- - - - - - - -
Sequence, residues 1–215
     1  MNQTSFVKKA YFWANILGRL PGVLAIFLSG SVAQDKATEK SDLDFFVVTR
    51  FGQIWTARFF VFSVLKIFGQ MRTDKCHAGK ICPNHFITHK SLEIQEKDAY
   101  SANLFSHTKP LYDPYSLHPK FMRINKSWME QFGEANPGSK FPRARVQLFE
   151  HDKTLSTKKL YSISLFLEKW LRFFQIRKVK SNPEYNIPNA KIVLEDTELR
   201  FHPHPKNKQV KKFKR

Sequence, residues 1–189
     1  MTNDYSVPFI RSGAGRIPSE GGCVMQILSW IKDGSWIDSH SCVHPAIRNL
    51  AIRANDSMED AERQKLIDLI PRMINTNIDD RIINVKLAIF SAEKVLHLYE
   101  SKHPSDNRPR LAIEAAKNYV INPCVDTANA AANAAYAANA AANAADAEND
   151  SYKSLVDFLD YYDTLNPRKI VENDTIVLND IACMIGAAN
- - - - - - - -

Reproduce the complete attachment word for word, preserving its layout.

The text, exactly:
Sequence, residues 1–215
     1  MNQTSFVKKA YFWANILGRL PGVLAIFLSG SVAQDKATEK SDLDFFVVTR
    51  FGQIWTARFF VFSVLKIFGQ MRTDKCHAGK ICPNHFITHK SLEIQEKDAY
   101  SANLFSHTKP LYDPYSLHPK FMRINKSWME QFGEANPGSK FPRARVQLFE
   151  HDKTLSTKKL YSISLFLEKW LRFFQIRKVK SNPEYNIPNA KIVLEDTELR
   201  FHPHPKNKQV KKFKR

Sequence, residues 1–189
     1  MTNDYSVPFI RSGAGRIPSE GGCVMQILSW IKDGSWIDSH SCVHPAIRNL
    51  AIRANDSMED AERQKLIDLI PRMINTNIDD RIINVKLAIF SAEKVLHLYE
   101  SKHPSDNRPR LAIEAAKNYV INPCVDTANA AANAAYAANA AANAADAEND
   151  SYKSLVDFLD YYDTLNPRKI VENDTIVLND IACMIGAAN